In this week’s Hot From The Bench, LawAfrica’s Charles Kanajama analyses Justice Visram’s latest decision. He sees it as a refreshing 60 page peek into a fascinating area of law : the banker–client relationship. It is an attempt to reconcile the banker’s duty of care to the owner of a cheque with its duty of confidentiality to its client. The case extends the banker’s duty to its client to include a duty to a signatory of an account who the bank should reasonably foresee would be affected by its actions. The judgment disapproves of bank enquiries directed to the Central Bank and builds a bigger wall of confidentiality to protect the customer’s account. The entire judgment is available to subscribers of LawAfrica Law Reports on www.lawafrica.com.
Intercom Services Ltd & 4 others v Standard Chartered Bank
HIGH COURT, NAIROBI
Date of Judgment: 18 November 2002
Citation:  LLR 2536 (HCK)
Sourced from: LLR
Edited By: C Kanjama
BANK – Customer account – Account in company’s name – Account operated by director of company as sole signatory – Whether bank owed any duty of care to the signatory – Whether bank liable to director of company for losses suffered due to breach of duty of care to the company
BANK – Duty of care – Duty of collecting bank – Duty to act in good faith and avoid negligence – Extent of duty of care – Duty of confidence – Limitations to the duty of non-disclosure – Collecting bank conducting inquiries with signatories of cheque and officers of Central Bank – Inquiries resulting in freezing of funds and subsequent criminal prosecutions – Whether bank exceeded responsibility in its inquiries and disclosures – Whether there was breach of confidentiality – Cheques Act (Cap 35) ss. 2, 3, 4 – Bills of Exchange Act (Cap 27) s 80.
WORDS & PHRASES – “true owner of a cheque” – Who is entitled to the proceeds of a cheque.
The 5th plaintiff was the managing director of various companies (IS, IC, SK and KC) of which his wife was the other shareholder. He received an export compensation cheque for Kshs.17 million from Customs & Excise in the name of IS and deposited it with the defendant bank in a one-week old account. The defendant was subsequently requested by the bank to obtain the payment voucher accompanying the cheque issued by the drawee (Commissioner of Customs and Excise). The voucher was made out to IC, not IS, and had a minor discrepancy of Kshs.70,000 on its face. The defendant made inquiries with the paying bank and the signatories of the drawee. It was confirmed that the cheque was in order.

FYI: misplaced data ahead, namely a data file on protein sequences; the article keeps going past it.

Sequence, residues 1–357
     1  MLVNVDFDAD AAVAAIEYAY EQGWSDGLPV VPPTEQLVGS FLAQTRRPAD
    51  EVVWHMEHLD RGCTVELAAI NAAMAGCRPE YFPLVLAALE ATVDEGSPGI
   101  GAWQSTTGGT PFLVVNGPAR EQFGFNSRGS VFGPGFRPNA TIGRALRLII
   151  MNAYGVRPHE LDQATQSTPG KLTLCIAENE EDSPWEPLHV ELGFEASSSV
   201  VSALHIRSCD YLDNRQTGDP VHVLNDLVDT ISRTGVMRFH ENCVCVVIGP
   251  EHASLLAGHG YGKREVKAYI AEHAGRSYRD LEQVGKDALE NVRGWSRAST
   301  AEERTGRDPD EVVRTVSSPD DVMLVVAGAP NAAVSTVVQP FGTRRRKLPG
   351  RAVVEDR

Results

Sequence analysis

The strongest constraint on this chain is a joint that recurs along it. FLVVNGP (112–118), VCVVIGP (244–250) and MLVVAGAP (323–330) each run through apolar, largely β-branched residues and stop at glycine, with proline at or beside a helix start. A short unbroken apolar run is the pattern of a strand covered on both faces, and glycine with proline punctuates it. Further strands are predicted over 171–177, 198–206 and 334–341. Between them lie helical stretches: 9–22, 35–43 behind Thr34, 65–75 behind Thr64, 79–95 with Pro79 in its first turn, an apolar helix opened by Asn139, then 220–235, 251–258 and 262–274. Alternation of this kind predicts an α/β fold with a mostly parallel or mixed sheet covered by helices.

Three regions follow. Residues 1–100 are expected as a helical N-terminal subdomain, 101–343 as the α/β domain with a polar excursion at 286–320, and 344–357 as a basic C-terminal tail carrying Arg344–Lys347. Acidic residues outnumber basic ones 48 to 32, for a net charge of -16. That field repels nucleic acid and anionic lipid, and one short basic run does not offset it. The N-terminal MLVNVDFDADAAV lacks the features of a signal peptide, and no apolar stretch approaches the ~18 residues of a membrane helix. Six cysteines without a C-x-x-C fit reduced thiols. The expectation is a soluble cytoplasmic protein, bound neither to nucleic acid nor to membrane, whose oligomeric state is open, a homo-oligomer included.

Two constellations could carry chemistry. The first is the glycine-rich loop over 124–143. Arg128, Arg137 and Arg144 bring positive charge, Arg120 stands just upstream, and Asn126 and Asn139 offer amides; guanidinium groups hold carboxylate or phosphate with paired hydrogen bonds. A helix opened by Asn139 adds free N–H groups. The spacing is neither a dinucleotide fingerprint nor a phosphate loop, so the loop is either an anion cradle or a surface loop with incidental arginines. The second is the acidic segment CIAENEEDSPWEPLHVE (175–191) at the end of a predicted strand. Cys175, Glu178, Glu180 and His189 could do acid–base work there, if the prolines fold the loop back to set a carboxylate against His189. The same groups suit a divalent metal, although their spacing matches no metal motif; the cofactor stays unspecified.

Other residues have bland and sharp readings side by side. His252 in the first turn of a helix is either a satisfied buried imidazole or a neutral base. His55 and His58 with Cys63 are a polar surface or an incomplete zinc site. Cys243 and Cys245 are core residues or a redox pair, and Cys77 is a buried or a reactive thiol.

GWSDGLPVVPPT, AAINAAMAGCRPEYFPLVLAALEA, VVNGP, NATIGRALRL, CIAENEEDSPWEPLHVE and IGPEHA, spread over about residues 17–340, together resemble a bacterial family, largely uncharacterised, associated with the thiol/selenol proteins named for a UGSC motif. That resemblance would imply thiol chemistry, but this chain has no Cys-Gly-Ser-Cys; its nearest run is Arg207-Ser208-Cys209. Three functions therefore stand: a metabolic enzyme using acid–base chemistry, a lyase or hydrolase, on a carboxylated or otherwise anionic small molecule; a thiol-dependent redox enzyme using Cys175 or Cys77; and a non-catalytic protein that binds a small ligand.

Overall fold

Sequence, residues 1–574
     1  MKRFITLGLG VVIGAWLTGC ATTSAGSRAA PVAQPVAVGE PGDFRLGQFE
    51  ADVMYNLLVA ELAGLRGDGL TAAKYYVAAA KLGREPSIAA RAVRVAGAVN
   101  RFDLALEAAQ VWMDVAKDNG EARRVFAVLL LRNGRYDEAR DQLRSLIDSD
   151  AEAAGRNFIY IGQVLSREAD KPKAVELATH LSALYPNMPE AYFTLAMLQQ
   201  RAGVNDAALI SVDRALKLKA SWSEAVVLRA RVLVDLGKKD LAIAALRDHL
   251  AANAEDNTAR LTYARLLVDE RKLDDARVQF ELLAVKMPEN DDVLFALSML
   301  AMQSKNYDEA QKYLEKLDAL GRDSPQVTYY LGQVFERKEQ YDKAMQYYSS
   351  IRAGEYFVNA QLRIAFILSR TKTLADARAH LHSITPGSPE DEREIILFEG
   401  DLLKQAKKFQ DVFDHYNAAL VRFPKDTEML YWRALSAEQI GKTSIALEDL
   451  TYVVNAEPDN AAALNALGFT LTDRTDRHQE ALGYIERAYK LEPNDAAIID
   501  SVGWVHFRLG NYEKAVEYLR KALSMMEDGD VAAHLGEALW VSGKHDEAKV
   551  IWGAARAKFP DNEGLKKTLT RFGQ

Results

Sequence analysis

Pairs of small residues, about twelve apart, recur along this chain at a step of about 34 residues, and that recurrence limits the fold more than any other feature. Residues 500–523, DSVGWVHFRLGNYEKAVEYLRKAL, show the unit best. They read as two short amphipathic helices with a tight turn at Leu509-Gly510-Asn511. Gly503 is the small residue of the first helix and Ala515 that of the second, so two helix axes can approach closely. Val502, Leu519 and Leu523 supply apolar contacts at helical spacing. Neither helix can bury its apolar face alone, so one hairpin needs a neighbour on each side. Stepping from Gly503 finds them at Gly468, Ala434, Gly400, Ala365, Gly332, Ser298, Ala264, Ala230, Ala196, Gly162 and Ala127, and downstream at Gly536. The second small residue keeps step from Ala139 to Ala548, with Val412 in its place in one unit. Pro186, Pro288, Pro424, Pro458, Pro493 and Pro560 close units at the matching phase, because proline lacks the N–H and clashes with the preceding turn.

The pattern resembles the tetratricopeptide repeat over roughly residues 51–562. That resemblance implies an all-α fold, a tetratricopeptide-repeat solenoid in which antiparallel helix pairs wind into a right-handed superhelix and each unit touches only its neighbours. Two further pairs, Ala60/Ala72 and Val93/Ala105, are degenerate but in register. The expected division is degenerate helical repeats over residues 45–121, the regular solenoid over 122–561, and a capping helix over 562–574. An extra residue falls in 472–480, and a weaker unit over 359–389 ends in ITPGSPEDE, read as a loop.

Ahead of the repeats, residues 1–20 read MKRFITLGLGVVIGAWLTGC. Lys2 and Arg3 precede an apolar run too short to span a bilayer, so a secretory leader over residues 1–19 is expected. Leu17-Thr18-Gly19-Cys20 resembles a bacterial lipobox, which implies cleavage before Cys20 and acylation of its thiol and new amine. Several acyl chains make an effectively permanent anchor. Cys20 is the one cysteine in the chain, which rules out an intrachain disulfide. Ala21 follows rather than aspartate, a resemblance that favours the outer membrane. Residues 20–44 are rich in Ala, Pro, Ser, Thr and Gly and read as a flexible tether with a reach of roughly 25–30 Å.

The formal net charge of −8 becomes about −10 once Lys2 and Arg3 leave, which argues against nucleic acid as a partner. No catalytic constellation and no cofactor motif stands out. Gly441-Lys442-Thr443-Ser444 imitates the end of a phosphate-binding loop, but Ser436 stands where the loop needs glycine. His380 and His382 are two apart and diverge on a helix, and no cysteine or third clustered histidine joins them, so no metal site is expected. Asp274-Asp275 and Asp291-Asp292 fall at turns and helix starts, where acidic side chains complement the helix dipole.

The funds were collected and credited to IS’s account. Shortly thereafter, Kshs.15 million was transferred to SK’s account in the same bank. The 5th plaintiff then instructed the bank to transfer the moneys to SK’s account with another bank. Meanwhile, the bank inquired with the Central Bank regarding the export compensation payment. The Central Bank’s investigation officers, who happened to be police officers, acquired various documents from the defendant as a result of which the 5th plaintiff was charged with various counts of obtaining by false pretences. He was convicted on trial but eventually acquitted on appeal.
Shortly after instituting the criminal case, a police officer obtained orders freezing the accounts of SK and IS. The orders were quashed by the High Court. The drawee then filed a suit against the Plaintiffs for recovery of the funds. He obtained ex-parte orders of attachment before judgment. By consent, the Kshs.15 million in SK’s account was deposited into a joint interest-earning account and the remaining amounts released. The suit was later settled by consent and all the money released to the Plaintiffs.
The 5th Plaintiff’s companies therefore brought this suit against the bank seeking more than 600 million shillings in damages, on ground of breach of fiduciary relationship through the disclosures to Central Bank, which resulted in freezing of the accounts and eventual closure of the business of IS, IC and SK. The 5th Plaintiff’s case was that his arrest in his capacity as managing director of the aforesaid companies resulted in restriction of his movement and crippled day-to-day operation of the Plaintiffs.